“The girls’ team is made up more of seasoned veterans and upperclassmen, but the boys’ team is no less talented,” he said. “I think both [the boys and girls] have set the bar pretty high this year, like they do every year. We are lucky to get these groups of athletes year in and year out that are extremely dedicated to their training and practice.”


The softball team had an up-and-down week, trouncing Upper Cape on Monday by a final of 21-2 before losing a tight game against Bourne by a final score of 8-6 on Tuesday. Their record now stands at 2-6 on the season.

Starting pitcher Caroline Davey was dominant against Upper Cape, fanning 11 batters while giving up only a single hit. Lauren Williston, Cayla Morris, Taylor Perrotta and Julie Perry each had multiple hits to lead the Vineyarder attack.

The Vineyarders battled hard against Bourne on Tuesday, storming back from a two-run deficit to tie the game in the third inning. But they were dealt a blow when Holly Robsinson, the starting third baseman and number-two hitter, was involved in collision and was taken off the field on a stretcher. The team never seemed to recover, and the Canalmen plated four runs in the fifth inning to put the game away.

The injury is only the latest in a series that has marred the young season. Sophomore Katie Hines, who was slated to be the starting shortstop, suffered a stress fracture and is not expected to return until next week at the earliest.

Coach Josh Burgoyne said injuries have forced some players to play out of position, which puts an additional strain on a young team that fields seven sophomores and two freshman.

“I’m not big on excuses, but I can say we are looking forward to getting healthy,” the coach said.

Coach Burgoyne said the team has two great pitchers at the top of the rotation in Davey and Martha Scheffer around which the team can build.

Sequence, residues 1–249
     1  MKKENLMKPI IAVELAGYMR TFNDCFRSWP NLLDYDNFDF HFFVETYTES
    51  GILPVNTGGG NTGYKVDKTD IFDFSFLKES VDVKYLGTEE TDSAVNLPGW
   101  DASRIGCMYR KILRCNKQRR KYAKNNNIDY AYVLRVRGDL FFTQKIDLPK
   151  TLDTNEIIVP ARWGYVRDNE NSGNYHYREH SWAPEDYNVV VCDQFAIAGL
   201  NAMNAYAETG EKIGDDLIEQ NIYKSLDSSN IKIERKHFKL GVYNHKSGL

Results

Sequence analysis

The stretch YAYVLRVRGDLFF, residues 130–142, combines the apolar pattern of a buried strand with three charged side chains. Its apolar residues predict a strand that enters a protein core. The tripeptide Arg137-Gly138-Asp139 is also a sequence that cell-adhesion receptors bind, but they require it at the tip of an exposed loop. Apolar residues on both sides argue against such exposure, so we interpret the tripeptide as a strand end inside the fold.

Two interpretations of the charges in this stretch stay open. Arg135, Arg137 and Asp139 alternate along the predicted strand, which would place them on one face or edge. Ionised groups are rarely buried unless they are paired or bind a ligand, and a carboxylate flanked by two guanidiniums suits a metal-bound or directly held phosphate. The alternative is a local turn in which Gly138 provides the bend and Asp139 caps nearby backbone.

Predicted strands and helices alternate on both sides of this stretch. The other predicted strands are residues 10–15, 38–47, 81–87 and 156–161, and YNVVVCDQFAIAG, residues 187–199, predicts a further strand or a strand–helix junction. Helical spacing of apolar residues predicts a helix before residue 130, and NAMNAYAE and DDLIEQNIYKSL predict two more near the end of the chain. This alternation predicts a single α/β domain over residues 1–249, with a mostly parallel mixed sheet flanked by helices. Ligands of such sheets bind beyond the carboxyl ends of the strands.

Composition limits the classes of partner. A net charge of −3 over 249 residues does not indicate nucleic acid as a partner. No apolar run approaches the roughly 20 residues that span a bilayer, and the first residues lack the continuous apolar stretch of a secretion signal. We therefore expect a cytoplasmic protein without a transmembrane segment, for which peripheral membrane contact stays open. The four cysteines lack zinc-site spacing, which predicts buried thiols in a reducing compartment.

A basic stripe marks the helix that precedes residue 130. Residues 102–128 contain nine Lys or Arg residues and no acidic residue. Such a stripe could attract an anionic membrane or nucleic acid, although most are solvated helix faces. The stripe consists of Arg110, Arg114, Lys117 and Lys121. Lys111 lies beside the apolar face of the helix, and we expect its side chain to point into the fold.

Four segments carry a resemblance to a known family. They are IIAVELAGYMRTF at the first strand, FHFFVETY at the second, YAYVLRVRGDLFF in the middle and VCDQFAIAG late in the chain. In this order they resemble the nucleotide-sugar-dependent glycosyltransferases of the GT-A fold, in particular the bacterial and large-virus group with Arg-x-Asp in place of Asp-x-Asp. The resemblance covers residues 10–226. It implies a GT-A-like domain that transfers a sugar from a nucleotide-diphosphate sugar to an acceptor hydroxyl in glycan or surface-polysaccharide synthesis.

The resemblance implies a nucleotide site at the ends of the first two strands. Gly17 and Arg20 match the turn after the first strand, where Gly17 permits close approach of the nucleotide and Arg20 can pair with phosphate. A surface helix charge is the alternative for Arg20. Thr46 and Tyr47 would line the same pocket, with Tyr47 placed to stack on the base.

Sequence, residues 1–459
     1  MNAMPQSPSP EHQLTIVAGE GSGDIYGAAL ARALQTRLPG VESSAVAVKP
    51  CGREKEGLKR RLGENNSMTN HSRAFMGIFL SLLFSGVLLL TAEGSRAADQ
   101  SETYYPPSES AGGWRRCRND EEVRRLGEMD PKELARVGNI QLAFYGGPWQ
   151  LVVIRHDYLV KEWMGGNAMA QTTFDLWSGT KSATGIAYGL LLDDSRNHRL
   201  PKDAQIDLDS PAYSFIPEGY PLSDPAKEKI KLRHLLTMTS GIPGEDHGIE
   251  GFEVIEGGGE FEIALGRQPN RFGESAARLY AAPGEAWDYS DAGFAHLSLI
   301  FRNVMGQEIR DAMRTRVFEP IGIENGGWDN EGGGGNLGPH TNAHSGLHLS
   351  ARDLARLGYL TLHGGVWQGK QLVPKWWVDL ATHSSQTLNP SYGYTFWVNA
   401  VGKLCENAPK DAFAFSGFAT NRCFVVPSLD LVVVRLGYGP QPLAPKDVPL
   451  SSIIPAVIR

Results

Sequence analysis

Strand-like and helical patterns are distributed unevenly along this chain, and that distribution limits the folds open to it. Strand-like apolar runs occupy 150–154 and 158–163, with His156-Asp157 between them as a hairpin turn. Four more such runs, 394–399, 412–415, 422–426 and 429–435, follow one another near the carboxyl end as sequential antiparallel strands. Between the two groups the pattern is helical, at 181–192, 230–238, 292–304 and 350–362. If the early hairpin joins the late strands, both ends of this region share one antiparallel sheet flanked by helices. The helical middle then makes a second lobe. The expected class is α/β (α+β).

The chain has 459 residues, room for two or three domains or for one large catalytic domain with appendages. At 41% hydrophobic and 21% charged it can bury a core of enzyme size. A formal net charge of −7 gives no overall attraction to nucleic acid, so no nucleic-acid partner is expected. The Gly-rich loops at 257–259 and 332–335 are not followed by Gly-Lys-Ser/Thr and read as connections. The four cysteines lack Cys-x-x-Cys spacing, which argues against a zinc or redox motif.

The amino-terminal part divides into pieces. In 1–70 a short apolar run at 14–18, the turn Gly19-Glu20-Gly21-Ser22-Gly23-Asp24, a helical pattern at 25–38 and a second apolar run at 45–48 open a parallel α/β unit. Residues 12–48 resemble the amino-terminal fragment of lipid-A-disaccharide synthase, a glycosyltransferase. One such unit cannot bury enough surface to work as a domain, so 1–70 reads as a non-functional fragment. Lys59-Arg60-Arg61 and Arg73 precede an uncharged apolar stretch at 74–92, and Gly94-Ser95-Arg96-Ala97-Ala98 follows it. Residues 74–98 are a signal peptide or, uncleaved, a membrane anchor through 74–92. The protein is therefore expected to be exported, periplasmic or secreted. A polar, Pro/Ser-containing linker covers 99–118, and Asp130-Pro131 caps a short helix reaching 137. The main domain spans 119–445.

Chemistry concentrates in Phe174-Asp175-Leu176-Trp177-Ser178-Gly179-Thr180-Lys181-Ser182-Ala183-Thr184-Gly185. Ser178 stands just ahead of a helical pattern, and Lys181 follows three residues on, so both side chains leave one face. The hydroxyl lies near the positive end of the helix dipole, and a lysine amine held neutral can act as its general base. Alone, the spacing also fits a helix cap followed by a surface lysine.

“Although this is a young team that will only get better in the years to come, we do not consider this a rebuilding year . . . this is a team that can win now,” he said.


The baseball team lost two games and earned a rare tie this past week, as their record fell to an unusual 3-4-1.

The Vineyarders started off with a storybook comeback against Wareham last Thursday when Tad Gold struck a seventh-inning home run to tie the score in the bottom of the seventh at 5-5.

Pitcher Ben Ciciora was effective in relief, allowing just one run and striking out four over five innings, which helped keep the game knotted at five through the seventh, eighth, and ninth innings. The game was eventually called so that Wareham could catch their scheduled 7:30 p.m. ferry.

The Vineyarders then lost to Dighton-Rehoboth on Monday by a final of 7-1.

The Vineyarders suffered their worst loss of the season at home against Bourne on Tuesday, losing by final of 16-6, although the game was not nearly as one-sided as the final score indicated. After falling behind 6-0 early, the Vineyarders rallied for two runs in the bottom of the fourth and three runs in the bottom of the fifth to make things close before the Canalmen blew the game open.

Coach Gary Simmons said the Vineyarder baseball team all season has been defined by a never-say-die spirit.

“Deficits of two runs, four runs, six runs — it doesn’t seem to faze them,” the coach said. “They keep coming back and rallying. This is a loose bunch of kids who love to play the game . . . they never think they are entirely out of a game.”